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Fatima has been part of the royal court of the last sultan of Muslim Spain ever since she was born, now a concubine to the sultan himself. She has been provided with everything she could wish for except for one thing: her freedom. Her closest friend Hassan is the palace mapmaker with a fascinating secret… He can draw maps of places he has never seen before in his life and even bend the shape of reality. This extraordinary gift is what will endanger his life when the representatives of the newly formed Spanish monarchy arrive to negotiate the sultan’s surrender. His gift is seen as sorcery and they demand Hassan to be handed over to the Spanish Inquisition… But Fatima cannot bear to part with her only true friend and will try anything for the two to escape their fate.

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Yes, the story of The Bird King is without doubt just as beautiful as that stunning cover. It’s a perfect mix of historical fiction elements, a magical realism feel and fantasy elements… With different cultures coming together through the journey of Fatima, Hassan and the people they meet along the way. The historical setting, details and descriptions are perfectly elaborated with a gorgeous and magical prose you will cannot help but fall in love with. The pace of this story is slow, but it will make it that much easier to fully savour every single chapter and detail of their journey. Fans of slower-paced historical fiction stories who don’t mind a little fantasy mixed in will most likely enjoy this fantastic story as much as I did.


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YVO’S SHORTIES #83 – The Bitter Kingdom & Friend Request

Time for another round of Yvo’s Shorties! This time around two completely different genres, but two books I ended up enjoying. The series conclusion The Bitter Kingdom by Rae Carson and the psychological thriller Friend Request by Laura Marshall.


Title: The Bitter Kingdom
(Fire And Thorns #3)
Author: Rae Carson

Genre: YA, Fantasy, Romance
First published: April 14th 2013
Publisher: Greenwillow Books
Finished reading: February 6th 2019
Pages: 490

“It’s the highest art form, deceiving without lying. A word is the only thing in the world made more powerful by absence than existence.”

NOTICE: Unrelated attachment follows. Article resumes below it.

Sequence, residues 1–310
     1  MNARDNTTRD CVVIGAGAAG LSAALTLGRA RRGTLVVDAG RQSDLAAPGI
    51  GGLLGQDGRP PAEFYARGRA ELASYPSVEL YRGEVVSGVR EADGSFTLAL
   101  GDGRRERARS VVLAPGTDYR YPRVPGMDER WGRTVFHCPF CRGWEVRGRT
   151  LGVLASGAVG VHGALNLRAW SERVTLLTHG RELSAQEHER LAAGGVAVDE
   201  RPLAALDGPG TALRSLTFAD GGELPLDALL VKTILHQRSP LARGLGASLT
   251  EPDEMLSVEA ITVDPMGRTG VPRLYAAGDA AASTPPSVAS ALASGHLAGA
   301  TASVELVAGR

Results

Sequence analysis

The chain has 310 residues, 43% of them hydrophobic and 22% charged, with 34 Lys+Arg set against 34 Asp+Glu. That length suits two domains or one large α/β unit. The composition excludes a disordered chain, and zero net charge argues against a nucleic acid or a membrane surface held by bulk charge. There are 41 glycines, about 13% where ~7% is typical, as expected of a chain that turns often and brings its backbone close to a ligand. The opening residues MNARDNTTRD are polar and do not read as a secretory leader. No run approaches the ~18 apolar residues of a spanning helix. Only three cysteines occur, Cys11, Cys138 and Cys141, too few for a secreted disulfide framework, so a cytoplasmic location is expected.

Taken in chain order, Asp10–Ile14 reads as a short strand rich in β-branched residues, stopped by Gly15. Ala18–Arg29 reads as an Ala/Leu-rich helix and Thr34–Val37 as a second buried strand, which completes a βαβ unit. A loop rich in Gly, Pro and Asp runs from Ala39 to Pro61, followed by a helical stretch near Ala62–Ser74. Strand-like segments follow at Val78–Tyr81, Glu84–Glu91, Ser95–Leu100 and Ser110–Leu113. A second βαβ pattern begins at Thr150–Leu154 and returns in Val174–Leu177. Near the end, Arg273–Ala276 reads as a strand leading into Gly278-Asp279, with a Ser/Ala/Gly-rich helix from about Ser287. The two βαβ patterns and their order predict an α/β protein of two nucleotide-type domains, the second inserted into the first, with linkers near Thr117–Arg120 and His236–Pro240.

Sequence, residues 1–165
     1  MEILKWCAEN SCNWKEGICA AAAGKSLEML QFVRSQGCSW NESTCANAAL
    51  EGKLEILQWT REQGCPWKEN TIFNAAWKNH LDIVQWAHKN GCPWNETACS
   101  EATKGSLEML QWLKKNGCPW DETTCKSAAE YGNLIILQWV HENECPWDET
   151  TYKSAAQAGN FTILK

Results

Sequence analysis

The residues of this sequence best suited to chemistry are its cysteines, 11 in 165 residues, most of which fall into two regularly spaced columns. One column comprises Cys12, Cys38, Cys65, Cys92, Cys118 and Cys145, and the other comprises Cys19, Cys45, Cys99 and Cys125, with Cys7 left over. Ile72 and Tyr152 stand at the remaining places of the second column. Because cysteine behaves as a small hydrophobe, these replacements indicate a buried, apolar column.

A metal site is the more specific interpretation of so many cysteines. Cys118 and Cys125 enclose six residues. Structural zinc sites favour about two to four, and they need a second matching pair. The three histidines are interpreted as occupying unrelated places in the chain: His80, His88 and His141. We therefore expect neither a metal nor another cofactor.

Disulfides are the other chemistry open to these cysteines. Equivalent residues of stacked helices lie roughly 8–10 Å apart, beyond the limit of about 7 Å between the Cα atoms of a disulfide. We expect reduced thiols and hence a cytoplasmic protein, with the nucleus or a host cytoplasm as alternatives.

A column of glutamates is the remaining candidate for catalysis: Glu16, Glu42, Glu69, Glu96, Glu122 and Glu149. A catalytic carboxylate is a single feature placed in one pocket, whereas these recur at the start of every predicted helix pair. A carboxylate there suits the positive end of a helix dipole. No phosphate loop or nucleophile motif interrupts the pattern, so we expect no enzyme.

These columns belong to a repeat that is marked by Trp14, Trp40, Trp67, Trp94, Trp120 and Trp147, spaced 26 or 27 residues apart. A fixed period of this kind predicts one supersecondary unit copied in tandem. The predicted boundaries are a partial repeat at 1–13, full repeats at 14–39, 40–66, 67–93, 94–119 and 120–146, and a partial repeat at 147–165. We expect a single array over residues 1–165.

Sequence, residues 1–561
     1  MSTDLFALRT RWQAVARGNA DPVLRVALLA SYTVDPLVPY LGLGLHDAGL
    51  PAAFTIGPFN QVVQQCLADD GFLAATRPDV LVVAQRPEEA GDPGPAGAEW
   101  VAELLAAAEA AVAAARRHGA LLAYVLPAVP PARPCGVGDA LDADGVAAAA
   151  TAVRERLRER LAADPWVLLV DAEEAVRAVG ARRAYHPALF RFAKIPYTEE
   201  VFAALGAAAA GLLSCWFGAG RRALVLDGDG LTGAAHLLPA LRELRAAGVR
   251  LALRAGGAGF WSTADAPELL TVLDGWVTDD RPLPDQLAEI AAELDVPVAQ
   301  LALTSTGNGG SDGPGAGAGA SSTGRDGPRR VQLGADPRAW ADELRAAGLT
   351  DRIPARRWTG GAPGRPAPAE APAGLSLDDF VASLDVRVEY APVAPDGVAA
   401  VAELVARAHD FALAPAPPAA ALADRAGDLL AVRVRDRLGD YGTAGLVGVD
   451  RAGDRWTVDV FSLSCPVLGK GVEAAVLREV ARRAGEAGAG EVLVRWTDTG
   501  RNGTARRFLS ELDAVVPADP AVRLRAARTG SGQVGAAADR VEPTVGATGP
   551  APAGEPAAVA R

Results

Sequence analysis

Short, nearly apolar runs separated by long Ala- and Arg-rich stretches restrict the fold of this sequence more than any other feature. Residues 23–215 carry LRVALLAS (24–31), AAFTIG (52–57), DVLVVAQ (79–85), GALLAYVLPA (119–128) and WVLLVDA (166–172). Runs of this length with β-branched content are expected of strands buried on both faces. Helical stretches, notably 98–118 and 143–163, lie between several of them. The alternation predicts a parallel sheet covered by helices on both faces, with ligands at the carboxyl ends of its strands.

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WARNING: possible spoilers if you haven’t read the first two books yet. You’ve been warned…

I first started this series back in 2015, and it took me a long time before I finally continued it… Not because I didn’t enjoy the first book, but simply because other books got in the way. I finally read the novellas last year, and after reading the second book last month I was determined to read the third and final book ASAP so I could finish the series while memories were still fresh. I’m without doubt glad I picked up the final book, because The Bitter Kingdom definitely made this series end on a high note! I’m not sure if it is my new favorite, but I’m happy to say that all three Fire And Thorns books stay consistently strong and the final book doesn’t disappoint at all. Why was The Bitter Kingdom such a success for me? First of all, I could really appreciate the chapters from Hector’s POV. They were both refreshing and definitely a welcome addition to the story! I also liked how we finally get to learn more about Inverno and see more of that part of the world… The high fantasy worldbuilding is one of the best features of this series and it’s always great to see it expand. The writing is engaging and it makes it really easy to just keep turning the pages. The plot itself isn’t all that complicated, but offers enough action and a romance that will warm your heart instead of annoy you. The end did feel a bit too easy, but overall it does provide closure for this series and its character. I really enjoyed my time with this trilogy and can highly recommend it to fans of the genre.